Mitochondrial network remodeling between fused and fragmented states facilitates mitophagy, interaction with other organelles, and metabolic flexibility. Aging is associated with a loss of mitochondrial network homeostasis, but cellular processes causally linking these changes to organismal senescence remain unclear.
Here, we show that AMP-activated protein kinase (AMPK) and dietary restriction (DR) promote longevity in C. elegans via maintaining mitochondrial network homeostasis and functional coordination with peroxisomes to increase fatty acid oxidation (FAO). Inhibiting fusion or fission specifically blocks AMPK- and DR-mediated longevity. Strikingly, however, preserving mitochondrial network homeostasis during aging by co-inhibition of fusion and fission is sufficient itself to increase lifespan, while dynamic network remodeling is required for intermittent fasting-mediated longevity.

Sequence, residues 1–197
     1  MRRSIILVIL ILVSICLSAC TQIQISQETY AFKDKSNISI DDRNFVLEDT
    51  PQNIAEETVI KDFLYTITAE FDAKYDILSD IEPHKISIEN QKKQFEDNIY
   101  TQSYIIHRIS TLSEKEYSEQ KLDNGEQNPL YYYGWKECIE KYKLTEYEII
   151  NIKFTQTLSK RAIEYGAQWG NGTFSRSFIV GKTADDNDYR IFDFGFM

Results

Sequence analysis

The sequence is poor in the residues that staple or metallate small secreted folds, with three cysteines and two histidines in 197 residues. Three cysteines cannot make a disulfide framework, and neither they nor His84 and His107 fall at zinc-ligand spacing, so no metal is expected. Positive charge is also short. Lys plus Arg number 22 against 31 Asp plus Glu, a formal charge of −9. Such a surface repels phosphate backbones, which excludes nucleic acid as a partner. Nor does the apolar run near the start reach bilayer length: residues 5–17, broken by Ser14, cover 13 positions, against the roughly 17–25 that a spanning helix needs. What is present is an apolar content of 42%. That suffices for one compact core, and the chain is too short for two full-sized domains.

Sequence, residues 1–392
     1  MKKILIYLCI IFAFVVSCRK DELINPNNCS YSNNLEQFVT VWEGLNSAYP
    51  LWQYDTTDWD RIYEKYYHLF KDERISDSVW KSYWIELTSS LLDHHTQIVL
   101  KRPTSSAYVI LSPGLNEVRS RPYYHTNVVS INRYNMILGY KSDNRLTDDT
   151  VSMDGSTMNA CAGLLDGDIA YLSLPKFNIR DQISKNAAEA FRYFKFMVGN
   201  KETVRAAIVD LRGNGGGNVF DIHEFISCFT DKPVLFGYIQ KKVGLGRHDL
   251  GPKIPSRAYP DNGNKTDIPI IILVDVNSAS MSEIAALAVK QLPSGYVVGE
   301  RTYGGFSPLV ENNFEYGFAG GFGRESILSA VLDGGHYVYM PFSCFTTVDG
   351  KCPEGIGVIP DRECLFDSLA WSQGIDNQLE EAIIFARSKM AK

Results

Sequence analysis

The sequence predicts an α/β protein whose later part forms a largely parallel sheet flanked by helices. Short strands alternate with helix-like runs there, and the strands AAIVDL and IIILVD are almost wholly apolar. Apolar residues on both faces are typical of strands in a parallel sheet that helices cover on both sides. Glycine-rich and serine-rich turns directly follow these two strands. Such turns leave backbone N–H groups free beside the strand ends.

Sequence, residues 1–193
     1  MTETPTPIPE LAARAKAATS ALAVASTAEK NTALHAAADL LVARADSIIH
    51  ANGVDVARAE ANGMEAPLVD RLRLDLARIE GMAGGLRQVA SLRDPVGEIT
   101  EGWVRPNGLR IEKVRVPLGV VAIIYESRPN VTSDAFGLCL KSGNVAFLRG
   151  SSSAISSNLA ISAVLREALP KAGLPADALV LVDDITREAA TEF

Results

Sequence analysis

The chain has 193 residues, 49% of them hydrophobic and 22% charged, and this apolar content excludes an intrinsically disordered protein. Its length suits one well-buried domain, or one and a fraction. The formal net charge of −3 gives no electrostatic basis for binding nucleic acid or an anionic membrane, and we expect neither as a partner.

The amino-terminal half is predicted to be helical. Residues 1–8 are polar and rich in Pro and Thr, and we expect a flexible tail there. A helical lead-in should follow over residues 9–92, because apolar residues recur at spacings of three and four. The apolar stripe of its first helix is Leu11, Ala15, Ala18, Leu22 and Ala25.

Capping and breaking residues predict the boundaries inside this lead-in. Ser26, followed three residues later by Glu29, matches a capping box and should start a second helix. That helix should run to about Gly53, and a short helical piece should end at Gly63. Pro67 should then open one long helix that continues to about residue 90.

Finally, we show that increasing lifespan via maintaining mitochondrial network homeostasis requires FAO and peroxisomal function. Together, these data demonstrate that mechanisms that promote mitochondrial homeostasis and plasticity can be targeted to promote healthy aging.